Getting in range: bringing a radar closer

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LAUDERDALE CO., Miss. (WTOK) - Weeks after a tornado struck Lauderdale County, officials are looking to the future: how to quickly detect storms to make sure there is plenty of warning.

"To lose a life and know that we didn't talk to people and seek a solution to the problem we're having with the radar, I think that would just be a bad thing," District 1 supervisor Jonathan Wells says.

With a lack of sufficient radar in the area, supervisors like Wells came to the governor for answers.

"It's just part of the mitigation that we will have to do," Gov. Phil Bryant says. "We have to have radar systems that will be able to cover this East Mississippi, Lauderdale and Meridian, and that will be part of the request."

Officials would have to determine the best location for the radar. It's important to have it close, but not too close.

"For radar to be able to see Meridian effectively, it would have to be between 10-15 miles outside of the city," WTOK-TV chief meteorologist Brian Hutton Jr. says. "If you put it in the city, it's in the cone of silence, and it can't see anything. So you want to move it away between 10 and 15 miles for the best coverage."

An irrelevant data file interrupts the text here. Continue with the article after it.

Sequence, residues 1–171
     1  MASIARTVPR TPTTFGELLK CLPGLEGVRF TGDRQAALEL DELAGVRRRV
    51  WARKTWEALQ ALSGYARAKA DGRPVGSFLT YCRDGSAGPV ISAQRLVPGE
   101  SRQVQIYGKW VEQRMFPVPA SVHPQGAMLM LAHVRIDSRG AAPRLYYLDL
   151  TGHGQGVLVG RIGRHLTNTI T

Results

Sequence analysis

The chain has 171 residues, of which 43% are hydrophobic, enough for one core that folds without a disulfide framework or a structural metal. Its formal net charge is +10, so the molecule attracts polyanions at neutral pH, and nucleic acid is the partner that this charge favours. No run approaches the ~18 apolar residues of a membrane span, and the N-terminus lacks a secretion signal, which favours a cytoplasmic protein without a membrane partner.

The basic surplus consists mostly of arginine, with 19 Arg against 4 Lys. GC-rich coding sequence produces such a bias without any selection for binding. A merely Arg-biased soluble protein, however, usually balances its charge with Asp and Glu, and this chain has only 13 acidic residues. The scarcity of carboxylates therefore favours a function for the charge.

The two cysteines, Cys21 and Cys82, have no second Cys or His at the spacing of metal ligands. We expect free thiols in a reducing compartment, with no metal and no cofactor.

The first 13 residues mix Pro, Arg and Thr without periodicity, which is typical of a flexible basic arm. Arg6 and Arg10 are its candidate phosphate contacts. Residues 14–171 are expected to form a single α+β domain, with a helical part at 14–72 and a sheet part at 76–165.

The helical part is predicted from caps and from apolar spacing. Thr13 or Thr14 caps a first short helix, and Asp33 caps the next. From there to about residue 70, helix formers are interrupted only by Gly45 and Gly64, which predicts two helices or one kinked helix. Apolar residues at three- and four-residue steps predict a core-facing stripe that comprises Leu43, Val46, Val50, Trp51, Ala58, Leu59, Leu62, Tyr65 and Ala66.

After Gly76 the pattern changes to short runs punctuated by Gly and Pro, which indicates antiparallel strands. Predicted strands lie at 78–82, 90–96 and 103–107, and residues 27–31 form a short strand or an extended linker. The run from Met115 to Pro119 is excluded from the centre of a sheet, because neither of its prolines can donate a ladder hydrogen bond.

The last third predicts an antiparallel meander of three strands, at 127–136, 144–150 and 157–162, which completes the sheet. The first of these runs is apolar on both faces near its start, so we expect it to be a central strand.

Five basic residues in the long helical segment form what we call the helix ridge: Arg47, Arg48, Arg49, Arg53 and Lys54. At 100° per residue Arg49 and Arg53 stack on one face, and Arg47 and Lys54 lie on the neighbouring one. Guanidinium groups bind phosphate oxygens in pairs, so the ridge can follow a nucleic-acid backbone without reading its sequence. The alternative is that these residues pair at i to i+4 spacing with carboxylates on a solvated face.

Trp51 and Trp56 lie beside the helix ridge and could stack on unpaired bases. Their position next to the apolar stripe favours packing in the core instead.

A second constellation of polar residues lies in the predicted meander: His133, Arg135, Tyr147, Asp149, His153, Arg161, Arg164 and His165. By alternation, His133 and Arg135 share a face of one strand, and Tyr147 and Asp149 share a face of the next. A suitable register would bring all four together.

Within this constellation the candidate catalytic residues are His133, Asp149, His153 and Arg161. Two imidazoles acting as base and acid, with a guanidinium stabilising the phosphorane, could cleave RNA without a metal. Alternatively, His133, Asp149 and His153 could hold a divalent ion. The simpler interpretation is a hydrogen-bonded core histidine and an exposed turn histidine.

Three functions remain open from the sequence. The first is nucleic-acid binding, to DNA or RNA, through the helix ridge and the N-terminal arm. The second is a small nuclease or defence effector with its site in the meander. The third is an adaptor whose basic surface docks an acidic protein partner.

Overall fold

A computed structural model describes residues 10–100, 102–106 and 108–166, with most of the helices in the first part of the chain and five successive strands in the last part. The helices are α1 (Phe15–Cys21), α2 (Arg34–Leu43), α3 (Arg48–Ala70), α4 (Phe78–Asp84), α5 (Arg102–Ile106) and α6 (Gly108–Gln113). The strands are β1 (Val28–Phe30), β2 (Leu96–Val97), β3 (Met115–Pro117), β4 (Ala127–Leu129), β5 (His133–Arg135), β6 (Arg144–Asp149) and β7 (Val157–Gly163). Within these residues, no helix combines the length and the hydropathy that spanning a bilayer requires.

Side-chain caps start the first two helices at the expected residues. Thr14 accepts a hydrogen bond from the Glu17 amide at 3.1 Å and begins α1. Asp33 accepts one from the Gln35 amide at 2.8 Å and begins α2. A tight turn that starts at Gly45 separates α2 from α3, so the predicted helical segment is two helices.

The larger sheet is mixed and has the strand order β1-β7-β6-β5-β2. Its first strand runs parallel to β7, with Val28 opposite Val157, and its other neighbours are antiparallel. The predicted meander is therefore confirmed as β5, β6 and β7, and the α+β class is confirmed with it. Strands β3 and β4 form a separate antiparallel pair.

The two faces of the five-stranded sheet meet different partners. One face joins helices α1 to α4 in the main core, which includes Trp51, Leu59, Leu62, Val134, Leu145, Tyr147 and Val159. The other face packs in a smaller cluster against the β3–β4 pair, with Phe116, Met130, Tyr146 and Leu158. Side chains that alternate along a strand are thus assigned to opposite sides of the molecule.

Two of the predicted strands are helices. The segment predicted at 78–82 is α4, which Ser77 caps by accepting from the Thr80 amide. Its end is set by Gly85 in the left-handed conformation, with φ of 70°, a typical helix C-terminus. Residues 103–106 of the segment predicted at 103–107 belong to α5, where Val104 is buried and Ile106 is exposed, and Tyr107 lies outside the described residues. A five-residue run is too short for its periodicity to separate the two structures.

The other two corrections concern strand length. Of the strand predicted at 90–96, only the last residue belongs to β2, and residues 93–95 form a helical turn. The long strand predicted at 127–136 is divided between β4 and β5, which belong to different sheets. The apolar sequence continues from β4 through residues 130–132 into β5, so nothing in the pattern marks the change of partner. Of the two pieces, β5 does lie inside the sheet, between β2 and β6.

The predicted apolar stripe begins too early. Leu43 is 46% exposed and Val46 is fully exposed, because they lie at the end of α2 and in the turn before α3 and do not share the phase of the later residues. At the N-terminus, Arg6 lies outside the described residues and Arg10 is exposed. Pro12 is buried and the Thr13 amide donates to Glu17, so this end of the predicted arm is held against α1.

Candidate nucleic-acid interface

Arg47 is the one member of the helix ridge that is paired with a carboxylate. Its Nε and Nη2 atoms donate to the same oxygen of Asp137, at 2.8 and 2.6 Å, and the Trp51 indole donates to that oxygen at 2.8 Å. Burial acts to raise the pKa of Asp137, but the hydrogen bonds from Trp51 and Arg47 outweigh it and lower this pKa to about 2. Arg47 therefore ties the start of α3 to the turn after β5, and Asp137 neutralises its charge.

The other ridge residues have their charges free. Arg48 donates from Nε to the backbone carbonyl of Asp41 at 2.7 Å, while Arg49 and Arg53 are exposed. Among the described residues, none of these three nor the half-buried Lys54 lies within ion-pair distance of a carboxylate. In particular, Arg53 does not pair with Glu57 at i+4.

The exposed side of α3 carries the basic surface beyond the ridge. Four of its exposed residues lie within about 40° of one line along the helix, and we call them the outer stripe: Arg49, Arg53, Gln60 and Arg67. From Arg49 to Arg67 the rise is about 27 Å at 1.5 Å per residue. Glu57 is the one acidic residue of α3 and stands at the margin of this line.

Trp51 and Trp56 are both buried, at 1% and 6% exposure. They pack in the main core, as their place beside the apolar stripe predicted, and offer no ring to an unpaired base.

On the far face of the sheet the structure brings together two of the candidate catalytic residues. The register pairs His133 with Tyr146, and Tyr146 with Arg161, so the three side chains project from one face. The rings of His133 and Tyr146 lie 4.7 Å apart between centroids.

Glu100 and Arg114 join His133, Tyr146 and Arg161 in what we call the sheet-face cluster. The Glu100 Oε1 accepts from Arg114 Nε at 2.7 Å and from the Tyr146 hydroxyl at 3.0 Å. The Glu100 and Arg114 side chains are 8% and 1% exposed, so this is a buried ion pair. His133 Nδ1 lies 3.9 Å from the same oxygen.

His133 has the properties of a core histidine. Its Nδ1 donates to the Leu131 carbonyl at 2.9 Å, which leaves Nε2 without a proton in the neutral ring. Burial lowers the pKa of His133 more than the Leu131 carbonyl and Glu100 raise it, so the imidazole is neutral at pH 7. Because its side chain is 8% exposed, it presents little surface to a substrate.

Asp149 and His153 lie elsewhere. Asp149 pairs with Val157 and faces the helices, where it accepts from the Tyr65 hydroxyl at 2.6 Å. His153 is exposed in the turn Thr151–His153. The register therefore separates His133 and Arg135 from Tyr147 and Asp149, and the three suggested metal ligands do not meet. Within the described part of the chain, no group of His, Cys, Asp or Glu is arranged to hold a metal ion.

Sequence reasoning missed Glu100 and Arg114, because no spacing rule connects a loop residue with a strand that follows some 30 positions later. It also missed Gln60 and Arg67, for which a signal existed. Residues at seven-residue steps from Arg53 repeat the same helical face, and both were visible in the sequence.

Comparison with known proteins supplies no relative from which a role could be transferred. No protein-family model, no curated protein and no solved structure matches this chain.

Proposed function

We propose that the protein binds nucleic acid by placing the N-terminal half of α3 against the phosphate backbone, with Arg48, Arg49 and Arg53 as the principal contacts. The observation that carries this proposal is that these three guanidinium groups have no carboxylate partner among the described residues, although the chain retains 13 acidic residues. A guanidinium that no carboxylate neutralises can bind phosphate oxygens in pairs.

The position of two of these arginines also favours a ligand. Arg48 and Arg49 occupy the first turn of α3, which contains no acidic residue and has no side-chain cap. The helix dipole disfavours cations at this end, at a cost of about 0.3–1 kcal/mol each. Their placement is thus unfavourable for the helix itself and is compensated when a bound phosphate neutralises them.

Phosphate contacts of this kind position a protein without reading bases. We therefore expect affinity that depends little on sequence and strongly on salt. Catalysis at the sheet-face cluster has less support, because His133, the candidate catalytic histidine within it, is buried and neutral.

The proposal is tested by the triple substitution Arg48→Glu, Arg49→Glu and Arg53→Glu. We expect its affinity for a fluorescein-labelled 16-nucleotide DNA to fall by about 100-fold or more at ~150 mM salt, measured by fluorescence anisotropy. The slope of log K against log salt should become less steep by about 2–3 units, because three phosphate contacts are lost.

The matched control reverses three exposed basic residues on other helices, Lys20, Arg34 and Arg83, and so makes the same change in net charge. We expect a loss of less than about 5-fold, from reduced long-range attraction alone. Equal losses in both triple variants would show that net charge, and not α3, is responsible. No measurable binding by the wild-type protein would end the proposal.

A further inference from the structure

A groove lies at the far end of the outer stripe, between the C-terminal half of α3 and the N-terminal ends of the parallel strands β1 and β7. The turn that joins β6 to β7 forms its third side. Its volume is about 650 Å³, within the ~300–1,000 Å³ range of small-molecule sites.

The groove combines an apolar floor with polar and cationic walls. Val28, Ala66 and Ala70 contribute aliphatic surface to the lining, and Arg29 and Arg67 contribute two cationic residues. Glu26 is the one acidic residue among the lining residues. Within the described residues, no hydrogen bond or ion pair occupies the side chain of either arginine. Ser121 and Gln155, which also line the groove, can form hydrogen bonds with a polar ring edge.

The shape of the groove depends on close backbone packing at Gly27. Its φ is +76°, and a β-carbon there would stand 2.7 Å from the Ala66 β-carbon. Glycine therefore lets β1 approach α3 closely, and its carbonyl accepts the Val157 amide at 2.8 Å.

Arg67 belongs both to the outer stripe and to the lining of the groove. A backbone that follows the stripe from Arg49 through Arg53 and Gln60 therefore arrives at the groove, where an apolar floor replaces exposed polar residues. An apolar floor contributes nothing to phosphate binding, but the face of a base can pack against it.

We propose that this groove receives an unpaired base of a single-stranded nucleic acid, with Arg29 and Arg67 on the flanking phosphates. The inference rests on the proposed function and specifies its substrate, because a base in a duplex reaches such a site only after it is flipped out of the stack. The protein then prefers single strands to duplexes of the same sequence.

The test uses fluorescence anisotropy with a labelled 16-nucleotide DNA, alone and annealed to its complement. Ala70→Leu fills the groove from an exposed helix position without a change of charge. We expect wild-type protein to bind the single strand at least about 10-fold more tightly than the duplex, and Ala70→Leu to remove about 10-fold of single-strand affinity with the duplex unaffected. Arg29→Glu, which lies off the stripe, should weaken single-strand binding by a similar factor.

And perhaps the biggest hurdle: the cost. Officials at Baron Services estimate it would cost upwards of a million dollars for a private operation to purchase a radar in this area. That's not including maintenance, which can cost over $10,000 a year, the cost to power the radar and the construction of a possible tower. The numbers quickly add up.

"Many, many millions of dollars," National Weather Service senior meteorologist Eric Carpenter says. "That are site restrictions and a lot of things that go into it, setting up a radar. Plus, you have to maintain the radar, you have to have manpower to make sure it's up and running correctly because bad radar data can be worse than no radar data."

Even with a hefty price tag, Wells says this problem is not something that can be ignored.

"We can't be short-sighted and easily forget how lucky we were that we didn't lose anybody and God forbid, next time it could be worse," he says.

The University of Louisiana at Monroe recently purchased a $3million radar with the help of a FEMA grant. Newscenter11 spoke to an atmospheric science professor there, who says they have an agreement to transmit data to the National Weather Service in real time at no cost.